No mother wants her daughter or a loved one to struggle with an eating disorder. The fact is many parents have seen what an eating disorder can do to a loved one. Let’s take a look at what one mother learned about her daughter struggling with anorexia nervosa.
According to an article at huffingtonpost.co.uk, “Does Your Daughter Have an Eating Disorder?”
My daughter Elena was seventeen years old when her psychiatrist told me this. At the time, I thought I understood her diagnosis. The articles I’d read linked anorexia nervosa to our society’s glorification of the slender figure, so I thought my daughter was trying to diet – trying to get that “supermodel” look.
I was wrong. I had no idea what my daughter was going through. It’s very hard for a mentally healthy person to understand the anorexic mindset.
Here are some of the things I wish I’d known then about my daughter’s disorder.
Elena’s anorexia nervosa was triggered by a traumatic event. There is a strong link between trauma and anorexia nervosa. One study reported that 50% of the anorexic and bulimic patients studied had experienced sexual abuse.
When Elena was thirteen years old, a stranger raped her at a party. Elena was a proud girl. She wanted people to see her as a winner, not a victim, so she hid the rape and didn’t tell anyone. But her entire personality changed: she went from bubbly and happy to grim and bitter. When we pressed her, she insisted nothing was wrong.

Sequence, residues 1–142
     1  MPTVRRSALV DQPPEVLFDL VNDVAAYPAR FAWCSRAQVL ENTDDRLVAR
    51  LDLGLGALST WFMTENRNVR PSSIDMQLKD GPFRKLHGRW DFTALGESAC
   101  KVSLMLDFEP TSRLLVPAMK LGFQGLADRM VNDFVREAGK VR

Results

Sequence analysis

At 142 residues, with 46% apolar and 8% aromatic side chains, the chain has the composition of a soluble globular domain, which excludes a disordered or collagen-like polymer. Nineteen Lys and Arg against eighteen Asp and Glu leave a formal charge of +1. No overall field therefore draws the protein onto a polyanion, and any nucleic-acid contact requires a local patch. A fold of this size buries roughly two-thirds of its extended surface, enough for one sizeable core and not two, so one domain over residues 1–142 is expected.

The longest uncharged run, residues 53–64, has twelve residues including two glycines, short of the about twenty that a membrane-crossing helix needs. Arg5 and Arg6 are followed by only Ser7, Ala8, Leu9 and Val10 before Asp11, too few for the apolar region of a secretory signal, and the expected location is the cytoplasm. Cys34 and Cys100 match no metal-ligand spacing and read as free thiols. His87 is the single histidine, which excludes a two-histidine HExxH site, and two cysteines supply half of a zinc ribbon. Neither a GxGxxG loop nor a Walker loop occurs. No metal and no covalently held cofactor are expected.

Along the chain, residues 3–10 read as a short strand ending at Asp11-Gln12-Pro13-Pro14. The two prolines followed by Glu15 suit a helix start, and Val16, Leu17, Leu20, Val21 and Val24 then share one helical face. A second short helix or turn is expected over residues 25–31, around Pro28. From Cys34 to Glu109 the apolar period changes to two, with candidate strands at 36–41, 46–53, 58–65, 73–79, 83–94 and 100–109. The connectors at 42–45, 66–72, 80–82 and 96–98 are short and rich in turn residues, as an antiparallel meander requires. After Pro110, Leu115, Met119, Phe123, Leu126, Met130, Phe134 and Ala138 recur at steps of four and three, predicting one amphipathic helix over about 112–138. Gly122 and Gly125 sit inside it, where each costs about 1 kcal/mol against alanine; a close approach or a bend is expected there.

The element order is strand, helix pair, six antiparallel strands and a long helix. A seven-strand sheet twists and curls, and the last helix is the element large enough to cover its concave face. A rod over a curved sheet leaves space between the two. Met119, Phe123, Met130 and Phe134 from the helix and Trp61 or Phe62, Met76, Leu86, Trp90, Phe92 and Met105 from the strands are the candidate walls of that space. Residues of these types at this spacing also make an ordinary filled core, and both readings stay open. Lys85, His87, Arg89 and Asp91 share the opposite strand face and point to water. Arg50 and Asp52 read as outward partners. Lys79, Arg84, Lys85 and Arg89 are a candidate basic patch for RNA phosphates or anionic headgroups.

My daughter’s eating disorder was all about control. Shocked and humiliated by the rape, Elena felt herself torn apart by powerful negative emotions. Like many rape victims, Elena didn’t want to accept the idea that this was a random event and out of her control. Random events can reoccur at any time – a horrifying thought to a rape victim. So Elena’s subconscious mind concluded that the rape was her fault: she had been stupid and careless. But this conclusion turned those powerful negative emotions against her.
Tormented by shame, fury, and self-hatred, Elena began to restrict her intake as a way to discipline and punish herself. Rationing out food to herself and withstanding hunger pangs made her feel emotionally stable again. The starvation acted like a sedative on her overwrought nerves, fuzzing out the world and calming her anger and anxiety.
Elena’s anorexia nervosa wasn’t about looking like a model. Soon after the rape, when Elena first started restricting, she was afraid people would notice how distraught and ill she was. Instead, classmates began to compliment her and begged her to help them diet. This was a pleasant side effect but not a goal. Elena saw her own appearance as a kind of disguise she put on to fool the world. In fact, when she was at her worst, she wouldn’t even look in a mirror. Her self-hatred and body dysmorphia became so severe that her reflection looked like a frightening stranger to her.” To read the entire article click here.
ABC Nutrition Services specialize in eating disorders, such as binge eating, overeating, and much more. To schedule an appointment contact ABC Nutrition Services at 775-329-0505 or visit ABCNutritionServices.com.